The Parliamentary Under-Secretary of State for Wales (Mr. Win Griffiths): Since 1 May 1997, I have received a number of representations about proposals by health authorities for the closure of hospitals in Wales, including an Adjournment debate last Thursday initiated by the hon. Member for Brecon and Radnorshire (Mr. Livsey). Such proposals are the responsibility of health authorities and are referred to me for decision only if they cannot be agreed with the local community health council. To date, I have received no such referrals.

Mr. Hammond: The Minister will be aware of the strength of the opposition from both health care professionals and patients in Powys to the proposed merger of the Powys Health Care NHS trust and the Ceredigion and Mid Wales NHS trust, because of fears that the merger would inevitably lead to the closure of community hospitals. He will also be aware of the level of expectations raised throughout the country by the Chancellor's much hyped announcement last week of additional resources for the national health service.

If Labour's manifesto commitment to save the NHS in Wales is to mean anything to the people of Powys, will the Minister give the House an assurance that the saving of the community hospital-based system in Powys will an absolute priority in the spending of the additional NHS funds allocated to Wales? Will he confirm that, as a result of that extra money, none of the community hospitals in Powys will close?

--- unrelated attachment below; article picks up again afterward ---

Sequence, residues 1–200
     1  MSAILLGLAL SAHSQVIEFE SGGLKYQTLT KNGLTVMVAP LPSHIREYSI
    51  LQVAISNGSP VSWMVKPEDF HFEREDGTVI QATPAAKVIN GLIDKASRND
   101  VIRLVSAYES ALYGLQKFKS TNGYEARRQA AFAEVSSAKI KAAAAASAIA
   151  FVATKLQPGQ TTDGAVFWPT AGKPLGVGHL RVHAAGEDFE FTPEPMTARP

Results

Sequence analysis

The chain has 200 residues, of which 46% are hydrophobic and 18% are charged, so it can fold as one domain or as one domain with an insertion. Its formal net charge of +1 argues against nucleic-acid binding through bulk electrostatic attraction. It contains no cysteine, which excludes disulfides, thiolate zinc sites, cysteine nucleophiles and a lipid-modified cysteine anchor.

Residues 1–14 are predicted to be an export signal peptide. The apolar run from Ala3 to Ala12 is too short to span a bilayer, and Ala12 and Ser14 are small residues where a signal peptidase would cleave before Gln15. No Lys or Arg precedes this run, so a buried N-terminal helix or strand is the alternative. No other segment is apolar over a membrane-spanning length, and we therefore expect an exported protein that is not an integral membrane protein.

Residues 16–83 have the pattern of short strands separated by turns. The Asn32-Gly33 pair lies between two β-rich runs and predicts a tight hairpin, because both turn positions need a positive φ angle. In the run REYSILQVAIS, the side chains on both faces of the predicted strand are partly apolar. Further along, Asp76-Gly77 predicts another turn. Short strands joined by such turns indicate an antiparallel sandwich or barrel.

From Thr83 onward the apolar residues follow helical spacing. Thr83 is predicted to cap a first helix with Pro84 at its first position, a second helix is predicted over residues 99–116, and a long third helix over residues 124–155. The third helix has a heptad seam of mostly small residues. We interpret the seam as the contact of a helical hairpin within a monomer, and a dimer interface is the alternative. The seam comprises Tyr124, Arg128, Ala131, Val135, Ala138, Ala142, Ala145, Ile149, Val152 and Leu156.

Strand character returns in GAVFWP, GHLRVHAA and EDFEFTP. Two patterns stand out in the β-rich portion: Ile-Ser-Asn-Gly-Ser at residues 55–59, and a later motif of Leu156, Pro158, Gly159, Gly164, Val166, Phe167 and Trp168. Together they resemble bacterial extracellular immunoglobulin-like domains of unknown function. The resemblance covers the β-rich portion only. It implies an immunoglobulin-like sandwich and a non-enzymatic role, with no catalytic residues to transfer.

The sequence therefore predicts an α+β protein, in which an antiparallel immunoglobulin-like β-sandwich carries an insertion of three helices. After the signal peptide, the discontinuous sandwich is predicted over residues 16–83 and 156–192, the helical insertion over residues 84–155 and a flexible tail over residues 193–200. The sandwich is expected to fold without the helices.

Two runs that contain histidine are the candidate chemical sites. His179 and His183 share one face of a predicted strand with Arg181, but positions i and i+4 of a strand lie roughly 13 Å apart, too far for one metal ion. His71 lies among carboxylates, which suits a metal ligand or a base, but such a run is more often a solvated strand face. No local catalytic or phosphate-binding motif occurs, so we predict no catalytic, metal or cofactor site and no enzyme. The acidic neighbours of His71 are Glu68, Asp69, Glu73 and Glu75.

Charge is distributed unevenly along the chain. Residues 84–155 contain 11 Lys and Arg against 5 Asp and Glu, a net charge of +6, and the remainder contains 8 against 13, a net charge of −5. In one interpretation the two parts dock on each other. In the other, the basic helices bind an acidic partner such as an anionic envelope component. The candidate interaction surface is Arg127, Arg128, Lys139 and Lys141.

Mr. Griffiths: The reconfiguration of the trusts in Wales will make more money available for patient care in Powys and Ceredigion, and everywhere else, so the two issues of community hospitals and of trust reconfiguration have nothing to do with one another. I confirm that the extra money provided for the health service in Wales by the Chancellor will be spent on ensuring that we have a better health service throughout Wales.

As for community hospitals, I will await proposals to see whether there are disagreements. I can tell the hon. Gentleman that in Tenby an agreement has already been made whereby the community hospital is to close, but other provision has been agreed by all concerned.

I am confident about what will happen in Powys and Ceredigion--and, by the way, there is widespread support in Ceredigion for the trust reconfiguration proposal. I certainly hope that there will be a proposal for Powys and Ceredigion that will provide better care for everybody.

Mr. Barry Jones (Alyn and Deeside): May I remind my hon. Friend of two excellent local hospitals,

22 Jul 1998 : Column 1102

Meadowslea and Dobshill, in my constituency, which he has not yet visited, and about which there are rumours of closure? Does he agree that those hospitals have a wonderful record? Will he please visit them? Is it not the case that, now that the Chancellor has made money available, there should be no need for rumours of closure?